The Carsten Höller Experience

Feature

Friday, December 09, 2011

Carsten Höller's Mirror Carousel (left), Singing Canaries Mobile (top right), and Untitled (Slide) (bottom right) at the New Museum Carsten Höller's Mirror Carousel, Singing Canaries Mobile, and Untitled (Slide) at the New Museum (New Museum)

Don’t stand too close, hands away from the art, don’t talk too loud — you know the etiquette. But right now at the New Museum in New York there's a huge exhibition that breaks all those rules. There are pieces you can climb on, ride on, stick your head into, smell. Even swallow.

Carsten Höller took an unorthodox path to the art world. A Belgian now living in Sweden, Höller started out as a scientist, receiving a PhD in agricultural science with a focus on insect communication.

Höller eventually left science for art, but never lost his fascination with the animal world, as the exhibition shows. Singing live canaries, a giant aquarium of tropical fish, and giant mammal replicas occupy one of the exhibition floors. “I'm fascinated by the impossibility of understanding the animal,” he explains. “They seem so close. At the same time they're so distant. There's many, many different qualities of being alive. The animals are a kind of a living proof for the fact that there are other ways that we don't have access to."

Höller’s show gives people that access through a sort of museum-sized jungle gym of experiences and other encounters. He devised all kinds of ways to challenge visitors' perceptions of light, sound, and space. They can float in sensory deprivation tank, a saline pool at body-temperature. They can wander around the show wearing a set of goggles that makes everything appear upside-down.

And, of course, there’s the gigantic slide that shoots museum-goers down three stories of the building.

“So many of these things have to do with the idea of losing control in a specific way,” Höller says, “and just see what happens.”

 

Slideshow: Carston Höller at the New Museum

Mirror Carousel, Singing Canaries Mobile, Untitled (Slide), Carsten Höller, New Museum
New Museum

Mirror Carousel, 2005 | Singing Canaries Mobile, 2009 | Untitled (Slide), 2011

The work of Belgian artist Carsten Höller is the focus of an exhibit at New York’s New Museum (through January 15, 2012). The unorthodox show is full of art that you can climb on, stick your head into, smell, eat, and even ride.

Untitled (Slide), Carsten Höller, New Museum
New Museum

Untitled (Slide), 2011

Museum-goers can hop into a slide which shoots them down three stories of the building. “It’s impossible not to smile when you come down,” Höller says.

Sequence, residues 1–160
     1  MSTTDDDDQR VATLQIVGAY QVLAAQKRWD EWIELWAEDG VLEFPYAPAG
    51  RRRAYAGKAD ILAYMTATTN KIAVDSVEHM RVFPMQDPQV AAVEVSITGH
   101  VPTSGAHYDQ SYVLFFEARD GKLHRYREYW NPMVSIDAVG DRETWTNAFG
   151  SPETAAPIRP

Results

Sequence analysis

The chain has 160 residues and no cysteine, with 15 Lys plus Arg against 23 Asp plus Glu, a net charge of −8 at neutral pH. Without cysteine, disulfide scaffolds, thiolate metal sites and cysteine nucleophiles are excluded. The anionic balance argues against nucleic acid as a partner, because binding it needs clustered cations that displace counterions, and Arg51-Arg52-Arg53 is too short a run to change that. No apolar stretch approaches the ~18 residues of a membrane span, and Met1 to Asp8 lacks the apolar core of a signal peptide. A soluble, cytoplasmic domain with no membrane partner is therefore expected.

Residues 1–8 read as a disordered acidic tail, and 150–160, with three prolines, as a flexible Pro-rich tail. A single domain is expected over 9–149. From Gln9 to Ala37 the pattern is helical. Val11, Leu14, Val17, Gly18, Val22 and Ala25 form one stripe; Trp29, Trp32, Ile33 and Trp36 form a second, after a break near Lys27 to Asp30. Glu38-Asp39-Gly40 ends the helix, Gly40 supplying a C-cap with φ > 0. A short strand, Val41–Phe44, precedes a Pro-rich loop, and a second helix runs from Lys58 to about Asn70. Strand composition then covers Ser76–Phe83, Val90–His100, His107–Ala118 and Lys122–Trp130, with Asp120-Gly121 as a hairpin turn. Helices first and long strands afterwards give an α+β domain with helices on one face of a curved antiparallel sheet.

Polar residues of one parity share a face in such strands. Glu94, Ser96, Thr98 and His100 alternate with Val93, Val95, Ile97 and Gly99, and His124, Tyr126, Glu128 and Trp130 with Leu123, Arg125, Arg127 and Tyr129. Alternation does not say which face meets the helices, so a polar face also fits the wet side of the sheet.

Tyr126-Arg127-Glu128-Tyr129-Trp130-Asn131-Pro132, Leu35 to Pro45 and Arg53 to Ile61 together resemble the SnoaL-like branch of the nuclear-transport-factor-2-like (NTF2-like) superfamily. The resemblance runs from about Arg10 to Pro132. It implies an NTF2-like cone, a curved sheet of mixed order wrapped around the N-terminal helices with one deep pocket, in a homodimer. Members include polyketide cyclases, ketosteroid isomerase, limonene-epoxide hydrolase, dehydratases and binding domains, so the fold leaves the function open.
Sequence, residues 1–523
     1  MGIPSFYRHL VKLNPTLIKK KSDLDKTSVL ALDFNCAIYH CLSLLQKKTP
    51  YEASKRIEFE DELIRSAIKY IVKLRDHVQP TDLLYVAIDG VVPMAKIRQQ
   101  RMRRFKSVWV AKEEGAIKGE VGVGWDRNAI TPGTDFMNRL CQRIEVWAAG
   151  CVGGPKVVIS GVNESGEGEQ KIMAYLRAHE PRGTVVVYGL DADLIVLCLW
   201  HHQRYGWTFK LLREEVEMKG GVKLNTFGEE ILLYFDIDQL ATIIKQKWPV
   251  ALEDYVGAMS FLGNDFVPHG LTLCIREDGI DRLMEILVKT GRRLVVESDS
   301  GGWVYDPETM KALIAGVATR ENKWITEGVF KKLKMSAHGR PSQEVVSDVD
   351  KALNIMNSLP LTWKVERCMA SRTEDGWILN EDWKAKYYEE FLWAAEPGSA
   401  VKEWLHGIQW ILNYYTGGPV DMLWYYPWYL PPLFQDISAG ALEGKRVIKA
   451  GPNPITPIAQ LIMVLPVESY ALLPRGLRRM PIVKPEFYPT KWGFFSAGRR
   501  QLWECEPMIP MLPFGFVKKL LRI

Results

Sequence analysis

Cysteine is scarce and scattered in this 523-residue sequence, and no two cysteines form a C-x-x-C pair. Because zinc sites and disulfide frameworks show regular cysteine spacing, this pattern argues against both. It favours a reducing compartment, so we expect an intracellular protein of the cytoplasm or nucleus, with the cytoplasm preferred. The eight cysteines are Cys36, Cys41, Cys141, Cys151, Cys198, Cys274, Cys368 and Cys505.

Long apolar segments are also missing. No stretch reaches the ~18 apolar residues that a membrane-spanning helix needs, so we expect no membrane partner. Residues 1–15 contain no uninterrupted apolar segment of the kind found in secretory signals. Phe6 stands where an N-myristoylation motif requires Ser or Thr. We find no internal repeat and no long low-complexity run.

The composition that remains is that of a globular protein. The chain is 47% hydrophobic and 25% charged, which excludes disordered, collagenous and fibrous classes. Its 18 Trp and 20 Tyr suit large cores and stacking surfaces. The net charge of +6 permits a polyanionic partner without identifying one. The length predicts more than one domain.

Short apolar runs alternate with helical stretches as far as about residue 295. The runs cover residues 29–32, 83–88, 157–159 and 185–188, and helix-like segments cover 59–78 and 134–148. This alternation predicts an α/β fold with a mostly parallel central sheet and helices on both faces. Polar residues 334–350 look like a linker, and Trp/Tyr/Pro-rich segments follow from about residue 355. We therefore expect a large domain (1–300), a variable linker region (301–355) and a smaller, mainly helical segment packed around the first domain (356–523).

Aquarium, Carsten Höller, New Museum
New Museum

Aquarium, 1996

Höller was an agricultural scientist before becoming an artist, and many of the pieces in the show reflect that background. This giant fish tank has three stations that allow you to can lie on your back and stick your head into an indentation in the glass. The fish tank surrounds your head, so it feels as if you’re inside the aquarium. “I'm fascinated by the impossibility of understanding the animal,” Höller explains. “They seem so close. At the same time they're so distant.”

Animal Group, Carsten Höller, New Museum
New Museum

Animal Group, 2011

The brightly-colored animal sculptures in this series are life-sized.

The Forest, Carsten Höller, New Museum
New Museum

The Forest, 2002

In this experiential piece, visitors watch a moving forest scene through goggles outfitted with tiny video screens for each eye. The video eventually shifts so that one eye sees movement in one direction while the other sees movement in a different, opposite direction, causing disorientation.

Giant Psycho Tank, Carsten Höller, New Museum
New Museum

Giant Psycho Tank, 1999

In perhaps one of the most ambitious pieces in the exhibition, visitors can step into a sensory deprivation tank and float in a saline pool.

Giant Psycho Tank, Carsten Höller, New Museum
New Museum

A look inside Giant Psycho Tank.

    Music Playlist
  1. The Fear Theme [The Cinematic Orchestra’s Reinterpretation]
    Artist: Kenji Eno
    Album: The Cinematic Orchestra: Remixes, 1998-2000
    Label: Nine Tune Records/Redeye
    Purchase: Amazon
  2. Vilderness [The Cinematic Orchestra Remix]
    Artist: Nils Petter Molvaer
    Album: The Cinematic Orchestra: Remixes, 1998-2000
    Label: Nine Tune Records/Redeye
    Purchase: Amazon
  3. Anthem
    Artist: GusGus
    Album: GusGus vs. T-World
    Label: 4AD
    Purchase: Amazon

Contributors:

Sarah Lilley

Comments [4]

Henry Drewal from Madison, WI

Great! Brings into existence my theory/method in the study of arts called "sensiotics"....HJDrewal

Dec. 11 2011 12:28 PM
antonio ferraz from lisboa

i like so mucht

Dec. 10 2011 06:53 PM
Crystal from Missouri

Looks like my kind of place! I wish I could get there before it left New York. I really wish it would tour the states!

Dec. 10 2011 06:03 PM
puthoffbarb@aol.com from hamersville, Oh.

from the spin to the grinder, get in line!

Dec. 09 2011 01:24 PM

Leave a Comment

Email addresses are required but never displayed.